Pretty Burlap Greenhouse Shades
Post author: Heidi at mysweetcottage.com
I still love the Sunglo greenhouse that my husband, Chris, assembled last fall.
And, since I’m new to greenhouse gardening in general, I’m still learning new things about it.
Too Much of a Good Thing
Because of the excellent south-facing location we chose for the greenhouse and the early spring we’ve been having this year, the fan in the greenhouse has been working overtime. The plants and seeds I started inside have been getting a little too much of some good things – namely heat and sun.
My darling greenhouse is just doing what it’s supposed to do, and it came with a shade cloth for the exterior that we realized we should install pronto for just these kinds of conditions.
A Lighter Shade of . . . Shade
Maybe I was just being naïve, but it seemed to me to be a little early in the year to install the shade cloth. In the Pacific Northwest, the weather can turn on a dime, and we might still be faced with days of clouds, rain, and general gloominess.
So I started thinking about ways to get some light-duty shade. Something I could install on the inside of the greenhouse that would allow filtered light and bring the temperature down just a few degrees.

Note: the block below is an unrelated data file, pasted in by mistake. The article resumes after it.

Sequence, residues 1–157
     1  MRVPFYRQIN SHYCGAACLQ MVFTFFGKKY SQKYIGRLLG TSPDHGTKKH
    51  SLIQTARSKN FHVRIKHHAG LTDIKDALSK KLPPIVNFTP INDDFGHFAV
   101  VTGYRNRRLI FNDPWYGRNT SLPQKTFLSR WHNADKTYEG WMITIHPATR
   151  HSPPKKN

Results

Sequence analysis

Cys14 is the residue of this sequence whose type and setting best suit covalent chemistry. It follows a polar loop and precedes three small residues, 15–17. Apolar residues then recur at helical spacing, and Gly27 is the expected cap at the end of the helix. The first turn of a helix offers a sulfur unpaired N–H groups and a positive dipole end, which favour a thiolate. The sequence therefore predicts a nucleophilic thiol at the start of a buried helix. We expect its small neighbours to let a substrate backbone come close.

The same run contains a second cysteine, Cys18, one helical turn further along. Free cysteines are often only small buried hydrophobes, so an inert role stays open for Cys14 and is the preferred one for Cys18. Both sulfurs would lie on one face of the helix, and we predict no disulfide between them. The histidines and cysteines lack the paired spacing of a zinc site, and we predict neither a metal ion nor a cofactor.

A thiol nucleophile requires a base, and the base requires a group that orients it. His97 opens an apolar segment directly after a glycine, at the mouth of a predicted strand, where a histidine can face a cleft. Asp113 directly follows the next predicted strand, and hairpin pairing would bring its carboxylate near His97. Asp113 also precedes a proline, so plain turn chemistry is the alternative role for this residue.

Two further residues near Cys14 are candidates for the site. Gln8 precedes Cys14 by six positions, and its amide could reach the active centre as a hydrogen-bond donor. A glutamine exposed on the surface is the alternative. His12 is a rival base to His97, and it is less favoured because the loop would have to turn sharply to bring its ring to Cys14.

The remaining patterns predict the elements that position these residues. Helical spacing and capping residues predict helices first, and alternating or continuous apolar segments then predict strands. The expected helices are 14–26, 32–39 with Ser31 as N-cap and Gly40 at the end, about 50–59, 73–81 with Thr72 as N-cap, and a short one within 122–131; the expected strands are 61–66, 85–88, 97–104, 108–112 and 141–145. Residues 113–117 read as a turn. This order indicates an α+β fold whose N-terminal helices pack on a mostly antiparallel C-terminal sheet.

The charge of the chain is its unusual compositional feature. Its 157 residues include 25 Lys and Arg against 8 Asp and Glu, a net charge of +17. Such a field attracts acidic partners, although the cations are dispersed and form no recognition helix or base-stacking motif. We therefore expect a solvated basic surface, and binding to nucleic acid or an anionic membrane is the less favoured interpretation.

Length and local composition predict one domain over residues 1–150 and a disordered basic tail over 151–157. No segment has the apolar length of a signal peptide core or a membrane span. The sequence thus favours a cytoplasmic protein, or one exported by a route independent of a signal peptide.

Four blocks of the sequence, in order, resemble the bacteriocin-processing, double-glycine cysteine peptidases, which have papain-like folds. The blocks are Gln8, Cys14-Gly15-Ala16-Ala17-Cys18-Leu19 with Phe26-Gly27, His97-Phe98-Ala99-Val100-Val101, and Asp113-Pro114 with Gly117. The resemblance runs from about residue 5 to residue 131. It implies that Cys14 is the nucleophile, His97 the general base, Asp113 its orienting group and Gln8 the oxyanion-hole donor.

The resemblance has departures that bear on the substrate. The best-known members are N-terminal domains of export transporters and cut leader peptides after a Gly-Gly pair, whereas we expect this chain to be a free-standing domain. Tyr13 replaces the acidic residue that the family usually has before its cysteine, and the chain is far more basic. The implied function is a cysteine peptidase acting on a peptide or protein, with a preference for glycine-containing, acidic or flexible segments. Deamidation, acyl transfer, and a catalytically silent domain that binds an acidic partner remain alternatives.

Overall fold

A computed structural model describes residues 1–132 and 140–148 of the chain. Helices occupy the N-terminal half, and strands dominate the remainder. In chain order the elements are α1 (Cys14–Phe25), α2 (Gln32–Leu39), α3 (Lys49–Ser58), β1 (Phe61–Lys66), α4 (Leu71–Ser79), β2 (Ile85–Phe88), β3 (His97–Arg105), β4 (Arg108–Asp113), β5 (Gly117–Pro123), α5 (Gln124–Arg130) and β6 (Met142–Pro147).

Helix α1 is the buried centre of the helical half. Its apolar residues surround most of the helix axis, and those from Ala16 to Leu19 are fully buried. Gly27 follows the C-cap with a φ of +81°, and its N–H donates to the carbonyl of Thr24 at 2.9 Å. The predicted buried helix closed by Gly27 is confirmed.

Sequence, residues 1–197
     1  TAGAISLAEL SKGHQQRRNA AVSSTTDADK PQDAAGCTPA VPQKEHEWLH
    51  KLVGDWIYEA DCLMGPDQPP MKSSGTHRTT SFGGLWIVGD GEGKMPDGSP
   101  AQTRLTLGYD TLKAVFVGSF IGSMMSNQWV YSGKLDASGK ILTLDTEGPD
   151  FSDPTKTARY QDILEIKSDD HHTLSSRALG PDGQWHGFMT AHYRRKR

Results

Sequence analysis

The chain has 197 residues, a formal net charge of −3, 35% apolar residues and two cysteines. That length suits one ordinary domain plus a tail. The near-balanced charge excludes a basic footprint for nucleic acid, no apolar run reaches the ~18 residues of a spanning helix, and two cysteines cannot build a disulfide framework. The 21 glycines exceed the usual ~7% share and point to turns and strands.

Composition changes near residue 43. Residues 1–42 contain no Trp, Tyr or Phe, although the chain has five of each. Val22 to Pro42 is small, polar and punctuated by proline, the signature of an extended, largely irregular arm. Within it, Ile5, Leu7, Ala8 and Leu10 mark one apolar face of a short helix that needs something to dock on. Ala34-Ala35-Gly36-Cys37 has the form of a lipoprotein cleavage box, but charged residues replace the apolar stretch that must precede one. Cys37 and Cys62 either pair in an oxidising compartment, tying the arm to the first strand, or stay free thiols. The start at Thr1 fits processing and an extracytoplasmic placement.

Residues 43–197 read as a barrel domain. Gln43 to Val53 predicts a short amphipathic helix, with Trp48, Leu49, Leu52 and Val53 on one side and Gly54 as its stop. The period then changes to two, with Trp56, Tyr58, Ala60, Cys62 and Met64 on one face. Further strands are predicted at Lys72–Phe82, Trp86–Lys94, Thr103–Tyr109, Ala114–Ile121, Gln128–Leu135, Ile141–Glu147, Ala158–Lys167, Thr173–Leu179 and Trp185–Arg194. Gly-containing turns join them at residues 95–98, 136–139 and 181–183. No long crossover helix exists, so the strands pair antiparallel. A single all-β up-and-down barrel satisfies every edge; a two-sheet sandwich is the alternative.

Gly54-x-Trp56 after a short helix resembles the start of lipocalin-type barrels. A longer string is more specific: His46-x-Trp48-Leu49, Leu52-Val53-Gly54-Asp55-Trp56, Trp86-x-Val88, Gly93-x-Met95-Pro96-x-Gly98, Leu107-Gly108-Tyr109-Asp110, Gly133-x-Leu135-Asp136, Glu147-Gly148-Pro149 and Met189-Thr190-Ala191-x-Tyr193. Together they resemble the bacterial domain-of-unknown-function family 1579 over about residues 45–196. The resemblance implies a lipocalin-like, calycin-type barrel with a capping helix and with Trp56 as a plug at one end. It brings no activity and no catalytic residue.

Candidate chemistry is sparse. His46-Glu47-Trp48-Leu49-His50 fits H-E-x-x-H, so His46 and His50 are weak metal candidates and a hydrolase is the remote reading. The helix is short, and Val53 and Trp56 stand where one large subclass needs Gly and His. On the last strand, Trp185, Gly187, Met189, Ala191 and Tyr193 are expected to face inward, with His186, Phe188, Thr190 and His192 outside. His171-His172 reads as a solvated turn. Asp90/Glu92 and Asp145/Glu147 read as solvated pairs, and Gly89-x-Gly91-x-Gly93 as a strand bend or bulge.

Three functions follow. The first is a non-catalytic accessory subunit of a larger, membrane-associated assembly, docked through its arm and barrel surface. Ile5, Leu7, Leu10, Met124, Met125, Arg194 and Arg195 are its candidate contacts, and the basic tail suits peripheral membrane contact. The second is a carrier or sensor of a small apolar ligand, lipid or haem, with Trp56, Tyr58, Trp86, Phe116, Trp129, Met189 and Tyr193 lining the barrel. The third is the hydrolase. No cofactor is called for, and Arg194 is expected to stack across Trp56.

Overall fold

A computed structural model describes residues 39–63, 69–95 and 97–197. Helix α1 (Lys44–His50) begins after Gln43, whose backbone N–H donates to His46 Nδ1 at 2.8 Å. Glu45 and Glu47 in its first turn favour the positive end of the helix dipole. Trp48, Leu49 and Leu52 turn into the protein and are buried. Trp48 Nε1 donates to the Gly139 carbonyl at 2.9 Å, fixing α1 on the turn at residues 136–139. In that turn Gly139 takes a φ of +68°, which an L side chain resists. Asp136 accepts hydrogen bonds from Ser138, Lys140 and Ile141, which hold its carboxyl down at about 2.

At the fabric store, I ran across that good old standby, burlap. And burlap is sometimes used in orchards and plantations to shade crops but still provide filtered light. Perfect.
I chose this soft, pretty burlap.
Shading on the Curve
So now we had a new challenge: How to turn the burlap into shades that would curve with the wall of the greenhouse.
I decided I would leave the ceiling of the greenhouse un-shaded since most of the sunlight comes in from the south-facing wall. So I would shade the curved wall down to the upper shelf. That way, plants that needed it could be placed on the lower shelf and still get direct sunlight.
But how to make a shade fit the curve. At first I thought we (and by “we,” I mean Chris) could install an upper rod to suspend the shades, and then a second rod farther down on the curve. The shades would then be tucked behind the second rod so they would follow the line of the curve.
But we both hated the thought of drilling a lot of big holes and….
To view this full post you can read it on Heidi’s blog here.